argumentum: A computistical formula.

    bissextus: Leap year (annus bissextilis) or leap-year day. In the Julian calendar, the leap-year day was inserted on the 6th kalends of March (24 February). The intercalated day was thus the "second (bissextus) 6th (kalends)."

    common year: A year in which there are 12 lunar months (354 days), in contrast to an embolismic year of 13 lunar months (384 days).

    concurrent: In the context of the 19-year cycle used by Bede and his successors, the concurrent is the number of the weekday of 24 March, counted from Sunday. Since the tropical year of 365 days contains 52 weeks plus 1 day, the concurrent will advance by one each year. However, the insertion of leap-year day will advance the concurrent by two every fourth year. It therefore requires 28 years for the cycle of concurrents to be complete: 7 weekdays, times 4 for the leap years.

    cycle: see "luni-solar cycle", "Paschal cycle".

    decennovennal cycle: see "Paschal cycle".

    dominical letters: The sequence of letters A-G inscribed against the dates of a calendar. The dominical letter indicates the Sundays (dies dominica) for a given year in the solar cycle. For example, if the year in question is year 1 of the cycle, the dominical letter is F, and all days in the calendar marked F will be Sundays. There are two dominical letters in leap years: the second becomes valid after the intercalary day in inserted on 24 February.

    embolism: Because the Julian solar calendar is 365 days long, and 12 lunar months of 29½ days total 354 days, the age of the Moon on any given calendar date increases by 11 days each year. When the accumulation tops 30 days, the maximum length of a calculated lunar month, an additional 13th lunar month is deemed to be inserted within the calendar year. This additional intercalated lunation is called an "embolism" and a year with 13 lunations is "embolismic".

    embolismic year: A year in which there are 13 lunar months, due to the insertion of the embolism (q.v.). Contrasts with common year.

    epact: Generally, the age of the moon on any given day. Specifically, and in the context of Dionysius Exiguus' 19-year cycle, "epact" refers to the age of the Moon on 22 March. In 84-year cycles, and in the tables of Victorius, the epact is the age of the Moon on 1 January.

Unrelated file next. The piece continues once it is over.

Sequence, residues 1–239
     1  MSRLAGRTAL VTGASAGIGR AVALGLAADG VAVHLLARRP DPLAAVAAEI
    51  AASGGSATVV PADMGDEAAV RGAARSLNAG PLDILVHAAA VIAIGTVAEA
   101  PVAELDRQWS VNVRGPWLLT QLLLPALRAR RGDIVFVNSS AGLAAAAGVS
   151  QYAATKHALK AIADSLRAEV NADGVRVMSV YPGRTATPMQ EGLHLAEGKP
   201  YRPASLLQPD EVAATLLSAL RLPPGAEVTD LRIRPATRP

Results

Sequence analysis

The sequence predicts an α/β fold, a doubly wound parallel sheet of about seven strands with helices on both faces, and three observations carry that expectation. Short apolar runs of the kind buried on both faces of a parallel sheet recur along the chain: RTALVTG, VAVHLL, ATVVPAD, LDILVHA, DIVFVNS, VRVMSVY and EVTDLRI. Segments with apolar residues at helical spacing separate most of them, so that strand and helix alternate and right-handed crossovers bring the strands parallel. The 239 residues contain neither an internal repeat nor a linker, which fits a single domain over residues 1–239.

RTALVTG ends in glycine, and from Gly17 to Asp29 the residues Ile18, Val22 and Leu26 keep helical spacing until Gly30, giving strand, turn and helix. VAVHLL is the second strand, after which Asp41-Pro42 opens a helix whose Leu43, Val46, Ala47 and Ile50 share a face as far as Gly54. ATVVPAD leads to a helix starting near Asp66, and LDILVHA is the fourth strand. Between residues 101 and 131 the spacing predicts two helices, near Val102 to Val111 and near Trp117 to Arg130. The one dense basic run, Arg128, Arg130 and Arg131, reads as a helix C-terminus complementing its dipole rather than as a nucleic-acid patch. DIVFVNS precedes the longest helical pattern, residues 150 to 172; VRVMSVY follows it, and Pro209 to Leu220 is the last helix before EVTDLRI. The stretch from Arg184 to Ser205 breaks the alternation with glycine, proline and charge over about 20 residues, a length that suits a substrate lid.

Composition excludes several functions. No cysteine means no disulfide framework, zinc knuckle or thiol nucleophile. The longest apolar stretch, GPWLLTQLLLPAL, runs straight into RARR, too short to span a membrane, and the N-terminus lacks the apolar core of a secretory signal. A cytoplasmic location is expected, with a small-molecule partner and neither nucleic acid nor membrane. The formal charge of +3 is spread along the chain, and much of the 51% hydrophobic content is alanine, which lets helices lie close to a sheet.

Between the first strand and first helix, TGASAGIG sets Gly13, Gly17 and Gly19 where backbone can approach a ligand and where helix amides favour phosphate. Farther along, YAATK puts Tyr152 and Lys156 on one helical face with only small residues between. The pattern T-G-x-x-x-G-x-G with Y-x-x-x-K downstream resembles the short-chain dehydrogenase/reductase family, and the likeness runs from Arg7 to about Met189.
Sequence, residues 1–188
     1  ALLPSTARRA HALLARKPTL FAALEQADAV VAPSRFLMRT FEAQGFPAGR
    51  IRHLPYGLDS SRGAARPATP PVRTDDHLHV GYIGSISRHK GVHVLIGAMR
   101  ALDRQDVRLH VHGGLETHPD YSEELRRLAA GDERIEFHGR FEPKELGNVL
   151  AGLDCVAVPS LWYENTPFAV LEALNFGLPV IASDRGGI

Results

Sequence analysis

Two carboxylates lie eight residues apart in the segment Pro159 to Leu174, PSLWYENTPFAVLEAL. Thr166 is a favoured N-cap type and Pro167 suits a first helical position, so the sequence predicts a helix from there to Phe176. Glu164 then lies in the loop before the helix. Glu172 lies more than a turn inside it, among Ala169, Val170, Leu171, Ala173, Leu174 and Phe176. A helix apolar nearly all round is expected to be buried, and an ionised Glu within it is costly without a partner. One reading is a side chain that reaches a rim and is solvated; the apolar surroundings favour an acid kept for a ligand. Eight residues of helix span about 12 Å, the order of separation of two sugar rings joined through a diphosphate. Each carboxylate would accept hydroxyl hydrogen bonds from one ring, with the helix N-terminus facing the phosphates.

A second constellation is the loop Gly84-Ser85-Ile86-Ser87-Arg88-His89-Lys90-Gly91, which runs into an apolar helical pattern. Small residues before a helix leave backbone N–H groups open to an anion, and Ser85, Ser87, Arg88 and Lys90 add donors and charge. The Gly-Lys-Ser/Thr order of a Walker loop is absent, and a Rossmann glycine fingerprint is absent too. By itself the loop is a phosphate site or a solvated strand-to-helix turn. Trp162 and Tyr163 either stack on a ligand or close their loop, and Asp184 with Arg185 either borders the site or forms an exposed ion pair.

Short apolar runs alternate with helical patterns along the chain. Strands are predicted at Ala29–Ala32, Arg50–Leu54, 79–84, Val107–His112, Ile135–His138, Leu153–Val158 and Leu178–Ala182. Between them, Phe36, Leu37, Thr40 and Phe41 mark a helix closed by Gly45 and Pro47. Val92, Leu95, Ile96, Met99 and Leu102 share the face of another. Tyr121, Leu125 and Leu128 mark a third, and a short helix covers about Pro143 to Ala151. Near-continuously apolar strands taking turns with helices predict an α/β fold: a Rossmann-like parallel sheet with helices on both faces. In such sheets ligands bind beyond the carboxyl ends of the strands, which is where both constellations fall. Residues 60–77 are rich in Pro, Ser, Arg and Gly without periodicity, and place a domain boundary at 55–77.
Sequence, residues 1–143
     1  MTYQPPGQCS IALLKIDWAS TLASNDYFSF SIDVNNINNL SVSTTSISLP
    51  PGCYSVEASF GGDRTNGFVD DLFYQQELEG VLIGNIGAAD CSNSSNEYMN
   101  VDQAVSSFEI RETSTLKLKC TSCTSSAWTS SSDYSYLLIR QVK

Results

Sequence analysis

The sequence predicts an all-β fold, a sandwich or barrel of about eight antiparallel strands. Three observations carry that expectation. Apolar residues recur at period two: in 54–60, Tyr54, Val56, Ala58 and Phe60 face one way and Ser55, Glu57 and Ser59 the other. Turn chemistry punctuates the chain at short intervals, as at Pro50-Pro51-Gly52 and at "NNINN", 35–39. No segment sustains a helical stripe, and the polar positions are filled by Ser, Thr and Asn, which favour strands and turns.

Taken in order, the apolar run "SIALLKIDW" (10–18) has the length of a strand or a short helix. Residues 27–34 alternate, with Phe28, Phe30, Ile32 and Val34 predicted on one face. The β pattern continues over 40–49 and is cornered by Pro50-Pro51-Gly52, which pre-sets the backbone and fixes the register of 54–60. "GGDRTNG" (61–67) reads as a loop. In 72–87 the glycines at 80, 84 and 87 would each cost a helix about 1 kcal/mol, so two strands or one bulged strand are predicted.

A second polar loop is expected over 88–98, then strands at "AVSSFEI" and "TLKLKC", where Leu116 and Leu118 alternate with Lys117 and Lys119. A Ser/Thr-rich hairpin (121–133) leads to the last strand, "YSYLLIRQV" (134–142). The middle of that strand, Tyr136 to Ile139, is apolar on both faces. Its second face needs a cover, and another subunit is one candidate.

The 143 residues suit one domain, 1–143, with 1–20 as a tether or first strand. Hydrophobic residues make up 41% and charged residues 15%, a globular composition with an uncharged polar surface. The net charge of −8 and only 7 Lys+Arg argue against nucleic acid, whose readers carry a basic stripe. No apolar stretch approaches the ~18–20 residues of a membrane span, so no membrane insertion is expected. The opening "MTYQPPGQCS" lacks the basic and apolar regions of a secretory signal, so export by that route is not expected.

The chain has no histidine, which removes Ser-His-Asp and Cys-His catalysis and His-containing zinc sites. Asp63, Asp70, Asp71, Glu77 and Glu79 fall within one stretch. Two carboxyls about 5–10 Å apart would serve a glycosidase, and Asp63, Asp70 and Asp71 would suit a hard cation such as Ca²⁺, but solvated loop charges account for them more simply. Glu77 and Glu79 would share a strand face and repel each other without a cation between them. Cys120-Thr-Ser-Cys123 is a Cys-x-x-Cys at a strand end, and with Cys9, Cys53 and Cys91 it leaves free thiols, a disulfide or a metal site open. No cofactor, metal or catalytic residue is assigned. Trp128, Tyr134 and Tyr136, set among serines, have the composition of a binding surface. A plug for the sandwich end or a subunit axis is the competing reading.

"full" lunar month: A synodic lunar month or lunation is slightly more than 29 1/2 days. However, in order to harmonize solar and lunar cycles (see "luni-solar cycle" and "luni-solar calendar" below) a normalized lunar month expressed as a number of whole solar calendar days must be adopted. Medieval computists consequently adopted the fiction that lunations are alternately 29 and 30 days long. 29-day lunations are "hollow", and 30-day lunations "full". Full and hollow lunations alternate throughout the year, January's (that is, the lunation terminating within the month of January) being full, February's hollow, etc. All embolisms are full.

    Golden Numbers: Numbers from 1-19 inscribed against dates in the calendar, and indicating the years of the 19-year Paschal cycle in which the new moons will fall.

    hendecas: The final 11 years of the 19-year cycle, where the pattern of common and embolismic years (q.v.) is CCECCECCECE. See also ogdoas.

    "hollow" lunar month: see "full lunar month".

    indiction: A Roman bureaucratic cycle of 15 years, instituted in the reign of Diocletian and Constantine for taxation purposes. From the time of Constantine the cycle began on 1 September, the beginning of the fiscal year. Under Justinian, indictions became part of the official dating style for government documents. They were included in the Alexandrian Paschal tables, and hence migrated via Dionysius Exiguus into the standard Paschal tables used in the medieval west. Western inexperience with indictions led to some confusion as to their start date: Bede (De temporum ratione 48) began them on 24 September, and most computists simply assumed they were coterminous with the calendar year.

    intervallum: The number of weeks separating Christmas from the beginning of Lent.

    leap of the Moon: see "saltus lunae".

    lunar cycle: The lunar cycle, as it was understood by medieval computists, is a 19-year cycle beginning when the moon is new on 1 January. Its structure replicates the Alexandrian Paschal 19-year cycle, but year 1 of the lunar cycle corresponds to year 3 of the Paschal cycle. The origin and function of this cycle is obscure, but it was enshrined in the Paschal table of Cyril of Alexandria, and carried over into the Paschal tables of Dionysius Exiguus and Bede.